Prof. Allison Squires named National Academy of Medicine Distinguished Nurse Scholar-in-Residence

Squires headshot

March 12, 2019

Allison Squires, PhD, RN, FAAN, associate professor at NYU Rory Meyers College of Nursing, has been selected as the National Academy of Medicine Distinguished Nurse Scholar-in-Residence for the Future of Nursing 2020-2030 Study.

The National Academy of Medicine (NAM) Distinguished Nurse Scholar-in-Residence, supported for nearly 30 years by the American Academy of Nursing, the American Nurses Association, and the American Nurses Foundation, is a year-long opportunity for a fellow of the Academy to engage with nurse leaders and other scholars at NAM while helping to develop health policy at the federal level.

Squires is a global health workforce capacity-building researcher with a special interest in improving immigrant and refugee health outcomes. During her time as the NAM Distinguished Nurse Scholar-in-Residence, Squires aims to bring her sustainable development perspectives to examine methods of increasing interprofessional collaboration and maximizing the skills of nurses across the spectrum.

“I am honored to be selected for this opportunity to represent the American Academy of Nursing, the American Nurses Association, and the American Nurses Foundation while undertaking this important work at the National Academy of Medicine, in collaboration with the Robert Wood Johnson Foundation,” said Squires. “This is an excellent chance for me to utilize my international focus to advance NAM’s research on health equity and the sustainability of our nation’s nursing workforce.”

The review committee -- which included leadership from the American Academy of Nursing, the American Nurses Association, the American Nurses Foundation, the NAM, and the Robert Wood Johnson Foundation -- selected Squires for her strong policy background as well as her stated focus to examine and address sustainability of the workforce from the perspective of integrating social determinants of health.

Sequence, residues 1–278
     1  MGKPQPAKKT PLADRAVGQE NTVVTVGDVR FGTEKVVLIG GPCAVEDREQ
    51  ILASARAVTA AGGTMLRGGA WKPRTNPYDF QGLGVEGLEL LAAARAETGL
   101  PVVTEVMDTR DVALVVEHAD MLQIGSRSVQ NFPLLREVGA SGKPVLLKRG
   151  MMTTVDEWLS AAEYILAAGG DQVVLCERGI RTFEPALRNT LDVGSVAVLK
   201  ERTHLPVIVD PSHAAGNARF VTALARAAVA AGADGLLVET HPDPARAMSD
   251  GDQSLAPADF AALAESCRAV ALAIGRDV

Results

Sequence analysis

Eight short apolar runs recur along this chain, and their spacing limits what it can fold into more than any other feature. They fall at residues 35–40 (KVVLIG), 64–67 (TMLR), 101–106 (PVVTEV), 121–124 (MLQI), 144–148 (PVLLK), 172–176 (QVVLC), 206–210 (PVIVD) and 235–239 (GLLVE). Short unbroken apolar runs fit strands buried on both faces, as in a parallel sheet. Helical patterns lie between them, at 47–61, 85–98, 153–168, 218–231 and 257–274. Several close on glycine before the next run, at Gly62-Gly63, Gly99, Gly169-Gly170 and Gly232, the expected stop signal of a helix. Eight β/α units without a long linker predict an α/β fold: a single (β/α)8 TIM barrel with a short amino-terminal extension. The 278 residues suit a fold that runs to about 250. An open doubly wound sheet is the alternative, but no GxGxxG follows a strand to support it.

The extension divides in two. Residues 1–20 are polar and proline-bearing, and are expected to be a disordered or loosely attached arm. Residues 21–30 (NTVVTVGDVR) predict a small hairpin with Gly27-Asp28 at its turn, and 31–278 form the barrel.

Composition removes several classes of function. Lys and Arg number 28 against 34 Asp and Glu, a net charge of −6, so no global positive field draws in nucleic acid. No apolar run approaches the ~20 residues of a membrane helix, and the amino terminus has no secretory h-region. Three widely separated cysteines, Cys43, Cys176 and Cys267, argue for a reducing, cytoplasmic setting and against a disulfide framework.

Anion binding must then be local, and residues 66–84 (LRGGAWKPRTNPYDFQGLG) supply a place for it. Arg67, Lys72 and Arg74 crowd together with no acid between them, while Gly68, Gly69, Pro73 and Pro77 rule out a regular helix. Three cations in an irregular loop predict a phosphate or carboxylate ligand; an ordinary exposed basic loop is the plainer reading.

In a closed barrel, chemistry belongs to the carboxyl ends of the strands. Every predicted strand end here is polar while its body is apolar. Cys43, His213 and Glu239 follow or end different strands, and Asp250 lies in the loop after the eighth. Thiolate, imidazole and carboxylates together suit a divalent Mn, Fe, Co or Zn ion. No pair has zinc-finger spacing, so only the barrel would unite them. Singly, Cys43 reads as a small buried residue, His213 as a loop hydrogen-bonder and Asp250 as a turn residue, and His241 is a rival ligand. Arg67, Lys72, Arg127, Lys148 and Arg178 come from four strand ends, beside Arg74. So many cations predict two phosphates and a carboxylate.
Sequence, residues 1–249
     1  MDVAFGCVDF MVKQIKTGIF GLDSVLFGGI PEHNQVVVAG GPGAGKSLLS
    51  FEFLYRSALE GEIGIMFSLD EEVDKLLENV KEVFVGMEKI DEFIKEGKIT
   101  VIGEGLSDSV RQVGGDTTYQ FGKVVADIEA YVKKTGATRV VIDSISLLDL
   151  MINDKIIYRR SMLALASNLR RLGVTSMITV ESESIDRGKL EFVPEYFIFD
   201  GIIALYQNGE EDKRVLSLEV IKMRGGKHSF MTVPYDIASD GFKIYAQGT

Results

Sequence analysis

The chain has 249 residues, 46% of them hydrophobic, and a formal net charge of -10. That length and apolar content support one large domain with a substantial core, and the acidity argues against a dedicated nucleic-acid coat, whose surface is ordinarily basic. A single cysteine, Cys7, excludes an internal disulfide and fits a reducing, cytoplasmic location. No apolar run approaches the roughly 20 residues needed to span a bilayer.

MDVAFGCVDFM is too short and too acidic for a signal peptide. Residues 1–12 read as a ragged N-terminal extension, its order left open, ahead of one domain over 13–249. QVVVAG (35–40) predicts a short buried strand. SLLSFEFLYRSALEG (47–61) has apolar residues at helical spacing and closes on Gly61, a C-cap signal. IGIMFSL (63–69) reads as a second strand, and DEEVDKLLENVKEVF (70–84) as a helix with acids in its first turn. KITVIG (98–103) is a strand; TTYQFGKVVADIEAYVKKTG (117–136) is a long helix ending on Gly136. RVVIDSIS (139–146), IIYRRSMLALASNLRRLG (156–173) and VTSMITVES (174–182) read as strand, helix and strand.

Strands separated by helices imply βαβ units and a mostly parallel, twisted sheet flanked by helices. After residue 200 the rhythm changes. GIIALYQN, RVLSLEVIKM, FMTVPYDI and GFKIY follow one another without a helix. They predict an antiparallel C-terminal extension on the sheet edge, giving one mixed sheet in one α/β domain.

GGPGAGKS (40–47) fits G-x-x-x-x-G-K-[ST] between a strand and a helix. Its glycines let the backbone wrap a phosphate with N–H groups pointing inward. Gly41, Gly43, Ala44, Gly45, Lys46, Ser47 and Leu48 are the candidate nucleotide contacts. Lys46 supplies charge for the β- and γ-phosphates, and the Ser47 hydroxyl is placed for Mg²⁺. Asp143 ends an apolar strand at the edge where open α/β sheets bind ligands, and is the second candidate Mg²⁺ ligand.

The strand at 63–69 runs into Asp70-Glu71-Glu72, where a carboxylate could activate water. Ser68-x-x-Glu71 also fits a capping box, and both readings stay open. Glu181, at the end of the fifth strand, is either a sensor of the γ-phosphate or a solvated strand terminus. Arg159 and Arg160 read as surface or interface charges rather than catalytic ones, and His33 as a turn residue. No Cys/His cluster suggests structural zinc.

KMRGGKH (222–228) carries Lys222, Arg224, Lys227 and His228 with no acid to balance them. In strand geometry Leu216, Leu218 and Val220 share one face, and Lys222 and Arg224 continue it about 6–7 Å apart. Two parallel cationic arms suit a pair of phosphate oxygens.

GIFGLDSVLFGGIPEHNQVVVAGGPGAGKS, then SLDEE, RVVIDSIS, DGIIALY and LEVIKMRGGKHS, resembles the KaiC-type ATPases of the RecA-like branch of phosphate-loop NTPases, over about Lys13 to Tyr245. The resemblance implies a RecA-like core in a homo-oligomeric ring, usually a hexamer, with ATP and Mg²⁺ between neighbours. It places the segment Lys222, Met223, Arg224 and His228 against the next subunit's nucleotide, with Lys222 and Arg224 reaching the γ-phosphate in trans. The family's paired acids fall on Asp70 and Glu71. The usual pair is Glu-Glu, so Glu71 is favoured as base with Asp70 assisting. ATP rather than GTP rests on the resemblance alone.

“Collaboration with the National Academy of Medicine, especially in regard to selecting a Distinguished Nurse Scholar-in-Residence role,” said Karen Cox, PhD, RN, FACHE, FAAN, president of the American Academy of Nursing, “is a time-honored testament to nursing’s role in charting a course for improved health outcomes through policy.”

In 2009, Robert Wood Johnson Foundation partnered with the Institute of Medicine (currently NAM) to produce the Future of Nursing: Leading Change, Advancing Health, which set a vision for nursing’s role in 2020. Robert Wood Johnson Foundation will again partner with NAM to undertake the Future of Nursing 2020-2030 studywhich will evaluate current and emerging trends within the health and nursing fields to create a framework for reducing health disparities, improving the health and well-being of the population, and creating a culture of health throughout the nation.

“The Future of Nursing 2020-2030 study comes at a critical time,” said Ernest Grant, PhD, RN, FAAN, president of the American Nurses Association. “The confluence of an aging workforce, technological advances, and a demand for care in the community means the profession needs an evaluation of our future direction. The study will be vital to determining nursing’s course in the coming decades.”

“Dr. Squires will do tremendous work in her role as Distinguished Nurse Scholar-in-Residence for the National Academy of Medicine,” said Tim Porter-O’Grady, DM, EdD, ScD(h), APRN, FAAN, FACCWS, Board of Trustees Chair of the American Nurses Foundation. “Her unique contributions in policy, research, and community engagement will enable her to advance the important work of the Future of Nursing 2020-2030 study.”